The US Congress has approved a mere $1 billion in international climate finance for 2022 – falling far short of Joe Biden’s pledge to provide $11.4bn a year by 2024.
The budget is only $387 million more than Trump-era spending, according to calculations by Joe Thwaites, researcher on global climate finance at the World Resources Institute.
If the US continued to scale up at that rate, it would take until 2050 to get to $11.4bn, Thwaites estimates, describing the bill as “extremely disappointing for climate finance”.
President Biden promised to restore US credibility on climate action and international cooperation. Providing finance for developing countries to grow sustainably and cope with climate impacts is seen as a critical pillar of that cooperation.
Analysis by the Overseas Development Institute found the US should be providing $45-50 billion of international climate finance every year under a “fair share” calculation that includes the size of its economy and historical emissions. The $1bn voted by Congress is just 2% of its fair share.
Biden’s pledges already “fell far short of what was needed to demonstrate US commitment to climate action,” Sarah Colenbrander director of climate at the Overseas Development Institute (ODI), told Climate Home News. “But the new spending bill suggests that Congress is not willing to meet even these inadequate promises.”
Tontie Binado, technical lead on climate justice for ActionAid in Ghana, told Climate Home the $1bn approved by Congress was “a betrayal” of Biden’s promise to scale up financing for the world’s poorest and climate vulnerable.
“The ink is not yet dry on the recent IPCC report, showing the awful scale of climate change impacts that are devastating vulnerable countries. But with this announcement the US’ mask has slipped again. How can they pretend to be climate leaders when they refuse to redress the harm they have done to countries like mine?” he said.
Ahead of the Cop26 climate talks last year, Congress recommended spending levels above the $2.7bn Biden had proposed for 2022 a few months earlier. Analysts saw this as a positive sign of the US’ willingness to deliver.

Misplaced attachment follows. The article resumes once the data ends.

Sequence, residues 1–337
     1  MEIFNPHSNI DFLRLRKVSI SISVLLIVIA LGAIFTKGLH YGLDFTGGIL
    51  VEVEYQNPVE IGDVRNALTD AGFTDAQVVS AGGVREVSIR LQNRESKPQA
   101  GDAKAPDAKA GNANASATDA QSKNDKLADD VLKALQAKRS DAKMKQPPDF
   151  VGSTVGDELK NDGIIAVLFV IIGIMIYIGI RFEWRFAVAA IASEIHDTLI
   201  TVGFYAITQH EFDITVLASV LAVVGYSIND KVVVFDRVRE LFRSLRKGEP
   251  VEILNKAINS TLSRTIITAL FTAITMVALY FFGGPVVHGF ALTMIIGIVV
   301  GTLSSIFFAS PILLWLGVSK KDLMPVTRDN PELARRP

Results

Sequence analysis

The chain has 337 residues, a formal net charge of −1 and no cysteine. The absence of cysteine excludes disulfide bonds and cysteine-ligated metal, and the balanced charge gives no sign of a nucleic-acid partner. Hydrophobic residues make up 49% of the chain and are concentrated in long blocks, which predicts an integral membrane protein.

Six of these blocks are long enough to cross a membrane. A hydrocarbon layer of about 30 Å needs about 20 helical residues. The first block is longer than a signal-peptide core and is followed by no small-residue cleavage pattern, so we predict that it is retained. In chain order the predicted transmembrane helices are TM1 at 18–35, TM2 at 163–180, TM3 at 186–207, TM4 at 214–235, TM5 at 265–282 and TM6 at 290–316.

But the final $1.5 trillion spending plan negotiated between the House of Representatives and the Senate has far lower amounts in almost every climate account compared with last year’s proposals.
“After much rhetoric about US climate leadership, Congress snatched defeat from the jaws of victory,” said Thwaites.
Part of the reason is that the budget for the state department and international operations received the lowest increase and far less than domestic spending. But politics were also at play. “The Biden administration did not push hard enough, the Democrats did not push hard enough and the Republicans blocked,” said Jake Schmidt, of the Natural Resources Defense Council.
“It’s woefully short of what is needed and it’s a big failure,” he told Climate Home.
The bill allocates $270m for bilateral adaptation finance – a commitment that would need to be increased more than tenfold in the next two years if Biden is to meet his commitment to provide $3bn of adaptation finance by 2024.
Notably, the bill doesn’t include any funding for the Green Climate Fund (GCF). The US owes $2bn to the UN’s flagship fund after Donald Trump reneged on a pledge to deliver $3bn to the fund under Barack Obama.
“If climate change is really a top-tier foreign priority, the Biden administration needs to find dollars for the GCF,” said Schmidt. Otherwise, “they should stop attending climate talks. The US is not credible if it cannot contribute to the fund.”
Schmidt said leftover money that hasn’t been earmarked to specific programmes could be used to pay up some of the US bill this year. If climate is made a priority, up to $900m could be made available from an economic support fund, he said.
Mapping vulnerability: why the IPCC’s geography of climate risk is contentious
Over the past decade, the US has been a laggard on climate finance. In 2017-18, it delivered less climate finance than France, Germany, Japan or the UK despite having an economy larger than all of them combined.
During a leaders’ climate summit he convened in April, Biden promised to double Obama-era spending to $5.7bn annually – a commitment he doubled again at the UN general assembly in September to $11.4bn a year by 2024.
The pledge reduced the shortfall towards meeting a decade-old commitment by wealthy nations to mobilise $100bn a year by 2020 to help poor and vulnerable nations cut emissions and cope with climate impacts. But it wasn’t enough to close the gap.
Days before the start of the Cop26 climate talks, rich countries were projected to belatedly deliver on the pledge in 2023.
While Congress was voting on the 2022 spending bill, climate envoy John Kerry told an informal UN Security Council meeting that increased US climate finance could help meet the $100bn goal this year, and it will “absolutely” be reached in 2023.
An “extremely odd” remark to make on the day the spending bill was released, said Thwaites. “The lack of decent US international climate funding makes it more difficult to reach the goal. If developed countries do manage to reach the $100bn commitment this year, it will be despite the US not because of them.”